## 4.13. lujvo-making examples

This section contains examples of making and scoring lujvo. First, we will start with the tanru gerku zdani (dog house) and construct a lujvo meaning doghouse, that is, a house where a dog lives. We will use a brute-force application of the algorithm in Section 4.1, using every possible rafsi.

The rafsi for gerku are:

 -ger-, -ge'u-, -gerk-, -gerku

The rafsi for zdani are:

 -zda-, -zdan-, -zdani.

Step 1 of the algorithm directs us to use -ger-, -ge'u- and -gerk- as possible rafsi for gerku; Step 2 directs us to use -zda- and -zdani as possible rafsi for zdani. The six possible forms of the lujvo are then:

 ger-zda ger-zdani ge'u-zda ge'u-zdani gerk-zda gerk-zdani

We must then insert appropriate hyphens in each case. The first two forms need no hyphenation: ge cannot fall off the front, because the following word would begin with rz, which is not a permissible initial consonant pair. So the lujvo forms are gerzda and gerzdani.

The third form, ge'u-zda, needs no hyphen, because even though the first rafsi is CVV, the second one is CCV, so there is a consonant cluster in the first five letters. So ge'uzda is this form of the lujvo.

The fourth form, ge'u-zdani, however, requires an r-hyphen; otherwise, the ge'u- part would fall off as a cmavo. So this form of the lujvo is ge'urzdani.

The last two forms require y-hyphens, as all 4-letter rafsi do, and so are gerkyzda and gerkyzdani respectively.

The scoring algorithm is heavily weighted in favor of short lujvo, so we might expect that gerzda would win. Its L score is 6, its A score is 0, its H score is 0, its R score is 12, and its V score is 3, for a final score of 5878. The other forms have scores of 7917, 6367, 9506, 8008, and 10047 respectively. Consequently, this lujvo would probably appear in the dictionary in the form gerzda.

For the next example, we will use the tanru bloti klesi (boat class) presumably referring to the category (rowboat, motorboat, cruise liner) into which a boat falls. We will omit the long rafsi from the process, since lujvo containing long rafsi are almost never preferred by the scoring algorithm when there are short rafsi available.

The rafsi for bloti are -lot-, -blo-, and -lo'i-; for klesi they are -kle- and -lei-. Both these gismu are among the handful which have both CVV-form and CCV-form rafsi, so there is an unusual number of possibilities available for a two-part tanru:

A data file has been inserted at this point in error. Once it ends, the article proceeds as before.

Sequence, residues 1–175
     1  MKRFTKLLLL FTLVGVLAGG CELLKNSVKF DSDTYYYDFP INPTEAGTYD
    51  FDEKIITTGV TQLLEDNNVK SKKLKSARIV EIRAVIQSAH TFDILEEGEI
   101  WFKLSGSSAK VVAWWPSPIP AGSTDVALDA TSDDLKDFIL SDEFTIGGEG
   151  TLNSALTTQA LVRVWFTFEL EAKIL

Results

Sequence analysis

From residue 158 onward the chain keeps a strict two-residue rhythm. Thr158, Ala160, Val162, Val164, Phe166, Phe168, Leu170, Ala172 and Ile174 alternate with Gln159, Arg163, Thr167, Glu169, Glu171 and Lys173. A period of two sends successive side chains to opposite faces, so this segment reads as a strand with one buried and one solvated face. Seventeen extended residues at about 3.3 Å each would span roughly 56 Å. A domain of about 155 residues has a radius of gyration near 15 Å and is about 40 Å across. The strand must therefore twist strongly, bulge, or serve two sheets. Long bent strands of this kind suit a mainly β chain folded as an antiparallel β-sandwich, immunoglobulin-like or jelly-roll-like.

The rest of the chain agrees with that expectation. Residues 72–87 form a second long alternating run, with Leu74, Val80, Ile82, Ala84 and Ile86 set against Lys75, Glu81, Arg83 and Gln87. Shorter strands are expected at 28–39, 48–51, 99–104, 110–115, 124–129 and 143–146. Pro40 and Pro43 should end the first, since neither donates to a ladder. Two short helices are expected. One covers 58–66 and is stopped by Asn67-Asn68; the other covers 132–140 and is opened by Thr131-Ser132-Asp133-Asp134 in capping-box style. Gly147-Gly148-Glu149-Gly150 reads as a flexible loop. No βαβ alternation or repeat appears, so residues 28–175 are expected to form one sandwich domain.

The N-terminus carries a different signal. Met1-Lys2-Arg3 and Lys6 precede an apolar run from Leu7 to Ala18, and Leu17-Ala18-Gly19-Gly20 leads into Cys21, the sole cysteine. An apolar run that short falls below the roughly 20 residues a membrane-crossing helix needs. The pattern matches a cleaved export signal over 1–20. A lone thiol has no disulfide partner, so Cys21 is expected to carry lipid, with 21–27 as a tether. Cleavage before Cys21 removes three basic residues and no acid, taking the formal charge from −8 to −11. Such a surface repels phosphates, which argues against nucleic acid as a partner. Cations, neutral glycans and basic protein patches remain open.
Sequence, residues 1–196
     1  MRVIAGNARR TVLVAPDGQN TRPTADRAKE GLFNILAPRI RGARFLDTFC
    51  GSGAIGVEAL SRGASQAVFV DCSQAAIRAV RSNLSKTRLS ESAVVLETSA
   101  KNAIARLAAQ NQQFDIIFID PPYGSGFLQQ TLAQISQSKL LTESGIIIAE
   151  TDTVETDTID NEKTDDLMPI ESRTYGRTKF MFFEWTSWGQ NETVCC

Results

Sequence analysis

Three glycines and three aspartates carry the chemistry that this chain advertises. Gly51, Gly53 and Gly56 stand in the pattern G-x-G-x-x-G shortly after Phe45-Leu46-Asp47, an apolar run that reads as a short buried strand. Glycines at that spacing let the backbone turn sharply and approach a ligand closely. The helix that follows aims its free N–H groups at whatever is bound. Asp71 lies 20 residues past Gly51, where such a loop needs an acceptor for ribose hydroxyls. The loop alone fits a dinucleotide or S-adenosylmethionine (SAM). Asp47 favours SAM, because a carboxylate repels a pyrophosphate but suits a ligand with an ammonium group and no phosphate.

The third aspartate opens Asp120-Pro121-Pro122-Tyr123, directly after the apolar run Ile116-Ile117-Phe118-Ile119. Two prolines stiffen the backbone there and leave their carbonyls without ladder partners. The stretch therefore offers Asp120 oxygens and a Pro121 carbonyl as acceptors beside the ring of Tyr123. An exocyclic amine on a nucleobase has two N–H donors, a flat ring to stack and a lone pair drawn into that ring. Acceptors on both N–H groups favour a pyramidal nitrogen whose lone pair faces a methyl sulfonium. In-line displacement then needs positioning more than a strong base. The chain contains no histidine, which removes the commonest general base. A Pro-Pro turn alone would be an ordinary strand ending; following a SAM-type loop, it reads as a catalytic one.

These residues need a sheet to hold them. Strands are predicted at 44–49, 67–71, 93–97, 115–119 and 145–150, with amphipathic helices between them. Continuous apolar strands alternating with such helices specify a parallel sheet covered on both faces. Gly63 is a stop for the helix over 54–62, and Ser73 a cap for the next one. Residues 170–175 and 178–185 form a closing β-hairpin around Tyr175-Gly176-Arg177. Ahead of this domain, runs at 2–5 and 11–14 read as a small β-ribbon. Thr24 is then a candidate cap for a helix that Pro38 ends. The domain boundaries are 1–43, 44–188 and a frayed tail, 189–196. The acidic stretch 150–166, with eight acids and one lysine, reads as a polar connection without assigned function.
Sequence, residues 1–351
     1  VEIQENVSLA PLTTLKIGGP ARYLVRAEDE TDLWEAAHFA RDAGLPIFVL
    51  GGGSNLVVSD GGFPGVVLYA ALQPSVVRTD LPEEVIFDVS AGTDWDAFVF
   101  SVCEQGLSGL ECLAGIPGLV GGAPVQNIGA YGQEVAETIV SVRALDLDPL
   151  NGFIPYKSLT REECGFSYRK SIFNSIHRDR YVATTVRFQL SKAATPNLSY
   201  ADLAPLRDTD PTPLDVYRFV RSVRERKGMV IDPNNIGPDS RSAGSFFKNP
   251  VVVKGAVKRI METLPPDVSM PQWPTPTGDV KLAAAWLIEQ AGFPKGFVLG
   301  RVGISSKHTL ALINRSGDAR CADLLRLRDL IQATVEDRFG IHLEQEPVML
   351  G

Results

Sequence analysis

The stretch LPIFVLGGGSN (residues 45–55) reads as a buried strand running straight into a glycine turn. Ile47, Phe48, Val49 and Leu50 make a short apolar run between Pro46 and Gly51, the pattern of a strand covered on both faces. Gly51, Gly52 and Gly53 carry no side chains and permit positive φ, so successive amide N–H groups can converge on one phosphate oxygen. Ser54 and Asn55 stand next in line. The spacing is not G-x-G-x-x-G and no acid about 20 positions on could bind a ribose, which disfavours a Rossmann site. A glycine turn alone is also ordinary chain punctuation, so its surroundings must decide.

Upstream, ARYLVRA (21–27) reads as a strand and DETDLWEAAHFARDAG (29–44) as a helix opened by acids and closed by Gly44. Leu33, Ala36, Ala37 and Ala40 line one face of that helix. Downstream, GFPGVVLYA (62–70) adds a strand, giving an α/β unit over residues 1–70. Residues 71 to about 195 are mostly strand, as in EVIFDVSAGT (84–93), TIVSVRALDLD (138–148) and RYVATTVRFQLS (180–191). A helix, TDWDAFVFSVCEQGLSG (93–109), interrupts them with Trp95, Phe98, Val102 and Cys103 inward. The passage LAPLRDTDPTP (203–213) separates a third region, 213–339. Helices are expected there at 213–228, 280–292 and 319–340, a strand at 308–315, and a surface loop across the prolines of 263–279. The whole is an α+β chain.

lotkle blokle lo'ikle lotlei blolei lo'irlei

Only lo'irlei requires hyphenation (to avoid confusion with the cmavo sequence lo'i lei). All six forms are valid versions of the lujvo, as are the six further forms using long rafsi; however, the scoring algorithm produces the following results:

 lotkle 5878 blokle 5858 lo'ikle 6367 lotlei 5867 blolei 5847 lo'irlei 7456

So the form blolei is preferred, but only by a tiny margin over blokle; "lotlei" and "lotkle" are only slightly worse; lo'ikle suffers because of its apostrophe, and lo'irlei because of having both apostrophe and hyphen.

Our third example will result in forming both a lujvo and a name from the tanru logji bangu girzu, or logical-language group in English. (The Logical Language Group is the name of the publisher of this book and the organization for the promotion of Lojban.)

The available rafsi are -loj- and -logj-; -ban-, -bau-, and -bang-; and -gri- and -girzu, and (for name purposes only) -gir- and -girz-. The resulting 12 lujvo possibilities are:

 loj-ban-gri loj-bau-gri loj-bang-gri logj-ban-gri logj-bau-gri logj-bang-gri loj-ban-girzu loj-bau-girzu loj-bang-girzu logj-ban-girzu logj-bau-girzu logj-bang-girzu

and the 12 name possibilities are:

 loj-ban-gir loj-bau-gir loj-bang-gir logj-ban-gir logj-bau-gir logj-bang-gir loj-ban-girz loj-bau-girz loj-bang-girz logj-ban-girz logj-bau-girz logj-bang-girz

After hyphenation, we have:

 lojbangri lojbaugri lojbangygri logjybangri logjybaugri logjybangygri lojbangirzu lojbaugirzu lojbangygirzu logjybangirzu logjybaugirzu logjybangygirzu lojbangir lojbaugir lojbangygir logjybangir logjybaugir logjybangygir lojbangirz lojbaugirz lojbangygirz logjybangirz logjybaugirz logjybangygirz

The only fully reduced lujvo forms are lojbangri and lojbaugri, of which the latter has a slightly lower score: 8827 versus 8796, respectively. However, for the name of the organization, we chose to make sure the name of the language was embedded in it, and to use the clearer long-form rafsi for girzu, producing .lojbangirz.

Finally, here is a four-part lujvo with a cmavo in it, based on the tanru nakni ke cinse ctuca or male (sexual teacher). The ke cmavo ensures the interpretation teacher of sexuality who is male, rather than teacher of male sexuality. Here are the possible forms of the lujvo, both before and after hyphenation:

 nak-kem-cin-ctu nakykemcinctu nak-kem-cin-ctuca nakykemcinctuca nak-kem-cins-ctu nakykemcinsyctu nak-kem-cins-ctuca nakykemcinsyctuca nakn-kem-cin-ctu naknykemcinctu nakn-kem-cin-ctuca naknykemcinctuca nakn-kem-cins-ctu naknykemcinsyctu nakn-kem-cins-ctuca naknykemcinsyctuca

Of these forms, nakykemcinctu is the shortest and is preferred by the scoring algorithm. On the whole, however, it might be better to just make a lujvo for cinse ctuca (which would be cinctu) since the sex of the teacher is rarely important. If there was a reason to specify male, then the simpler tanru nakni cinctu (male sexual-teacher) would be appropriate. This tanru is actually shorter than the four-part lujvo, since the ke required for grouping need not be expressed.